Teacher’s Guide: March 20

This week’s standard:
• Students understand science and technology. (Science: Science and Technology)
Activities:
1. Use newspaper words and pictures to make a poster showing the equipment you would use to collect data as a citizen scientist. 2. Collect newspaper stories of local students or citizens who are involved in science projects.
3. Make a list of the skills citizen scientists should have.
4. Why is it helpful to have citizen scientists collect data about: (a) butterflies, (b) beaches, (c) birds and (d) flowering plants?
5. Write about an area or problem in your community where citizen scientists could help gather information. What is the area? What kind of data would citizen scientists collect? How would they collect data? Why is it important?
Standards by Dr. Sherrye D. Garrett, Texas A&M University-Corpus Christi

March 27
Ice Hockey
Once an almost exclusively northern pastime, ice hockey is a popular sport for kids all around the country today. The Mini Page checks into the game to learn more about how it’s played and its origins.

Teacher’s Guide: March 27

This week’s standard:
• Students understand that physical activity provides opportunities for enjoyment, challenge, self-expression and social interaction. (Physical Education)
Activities:
1. Write “Field Hockey” on half of a piece of paper. On the other half, write “Ice Hockey.” Paste newspaper words that describe each game under its name.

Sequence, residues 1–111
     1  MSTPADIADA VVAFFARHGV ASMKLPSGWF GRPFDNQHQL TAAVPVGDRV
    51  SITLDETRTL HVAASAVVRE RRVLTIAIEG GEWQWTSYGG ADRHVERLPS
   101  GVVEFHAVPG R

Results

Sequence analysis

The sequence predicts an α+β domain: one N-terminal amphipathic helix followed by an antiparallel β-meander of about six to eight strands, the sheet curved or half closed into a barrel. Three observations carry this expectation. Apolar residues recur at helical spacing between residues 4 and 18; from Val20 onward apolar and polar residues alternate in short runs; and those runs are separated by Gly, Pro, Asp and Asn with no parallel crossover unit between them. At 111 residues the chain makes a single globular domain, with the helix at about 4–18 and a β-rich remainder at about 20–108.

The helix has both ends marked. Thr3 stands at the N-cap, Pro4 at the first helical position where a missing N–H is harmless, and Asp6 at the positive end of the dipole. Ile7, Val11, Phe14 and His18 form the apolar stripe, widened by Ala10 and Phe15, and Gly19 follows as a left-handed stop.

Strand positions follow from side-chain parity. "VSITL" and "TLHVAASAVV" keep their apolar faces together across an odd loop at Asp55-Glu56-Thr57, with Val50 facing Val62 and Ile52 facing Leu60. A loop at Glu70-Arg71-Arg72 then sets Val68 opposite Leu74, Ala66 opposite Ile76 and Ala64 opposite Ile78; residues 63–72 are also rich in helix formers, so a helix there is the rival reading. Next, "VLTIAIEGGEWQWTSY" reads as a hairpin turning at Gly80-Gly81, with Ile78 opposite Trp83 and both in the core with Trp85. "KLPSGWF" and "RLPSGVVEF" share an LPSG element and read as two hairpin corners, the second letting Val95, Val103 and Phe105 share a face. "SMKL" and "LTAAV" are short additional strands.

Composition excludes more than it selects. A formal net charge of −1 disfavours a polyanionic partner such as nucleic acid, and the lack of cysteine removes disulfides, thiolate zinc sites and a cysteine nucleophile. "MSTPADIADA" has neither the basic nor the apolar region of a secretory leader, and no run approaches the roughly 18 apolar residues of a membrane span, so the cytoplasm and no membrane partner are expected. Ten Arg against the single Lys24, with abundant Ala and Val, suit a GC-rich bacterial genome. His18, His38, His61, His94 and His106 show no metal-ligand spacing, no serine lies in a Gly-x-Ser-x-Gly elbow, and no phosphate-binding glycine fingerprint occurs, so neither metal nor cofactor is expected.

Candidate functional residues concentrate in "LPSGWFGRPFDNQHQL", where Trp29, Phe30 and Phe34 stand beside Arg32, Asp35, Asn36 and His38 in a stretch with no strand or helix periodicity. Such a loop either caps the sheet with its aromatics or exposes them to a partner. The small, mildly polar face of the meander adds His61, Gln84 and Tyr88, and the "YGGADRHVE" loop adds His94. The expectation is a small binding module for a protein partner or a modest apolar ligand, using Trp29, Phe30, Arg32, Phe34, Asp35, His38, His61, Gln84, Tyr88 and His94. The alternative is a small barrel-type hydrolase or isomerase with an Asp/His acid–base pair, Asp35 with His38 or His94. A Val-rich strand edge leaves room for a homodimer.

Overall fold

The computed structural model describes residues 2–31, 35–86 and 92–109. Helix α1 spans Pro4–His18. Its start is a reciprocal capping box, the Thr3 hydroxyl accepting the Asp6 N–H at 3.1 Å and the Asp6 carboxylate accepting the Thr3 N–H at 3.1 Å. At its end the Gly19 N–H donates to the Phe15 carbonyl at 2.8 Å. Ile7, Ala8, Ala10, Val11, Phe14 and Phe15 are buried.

2. List the physical qualities needed by a hockey player. Find equipment in the newspaper to help develop those qualities.
3. Check your newspaper for school or professional hockey games. Choose one you’d like to attend.
4. How are these important to hockey: (a) Frozen Four, (b) power plays, (c) Olympics and (d) safety equipment?
5. Compare the skills needed by defensemen and forwards. Write a paragraph explaining which position you would like to play and why.
Standards by Dr. Sherrye D. Garrett, Texas A&M University-Corpus Christi

April 3

Return of the Wolf
By the 1900s in the American West, most of the gray wolf population had been wiped out by humans. The Mini Page celebrates the wolves’ comeback in the Yellowstone area and discovers more about these beneficial native animals.

April 10
Let’s Talk About Autism
Today, one in 68 children is diagnosed with autism. Chances are good that every child comes in contact with a student who is autistic. With the help of the National Autism Association, we explain the disorder and how it affects children, and offer insights about how to relate to autistic kids and make friends with them.

April 17
Celebrate Library Week
The Mini Page celebrates National Library Week (April 12-18) with interviews with 2015 Newbery winner Kwame Alexander and 2015 Caldecott winner Dan Santat.

April 24
Hubble’s 25th Anniversary
In April 1990, the Hubble Space Telescope was launched into space. Since then it has changed the world’s perceptions of time and space. The Mini Page looks at some of the most significant discoveries of this awesome telescope.


NEW! “Mini Page” Quiz, aligned with Common Core

The NC Press Foundation provides a weekly quiz you can use with the “Mini Page.” It is aligned with the Common Core. Download it here each week (archived copies of the quiz also available). http://ncpressfoundation.org/how-news-connects

 

Click here for an archive of past issues of the Mini Page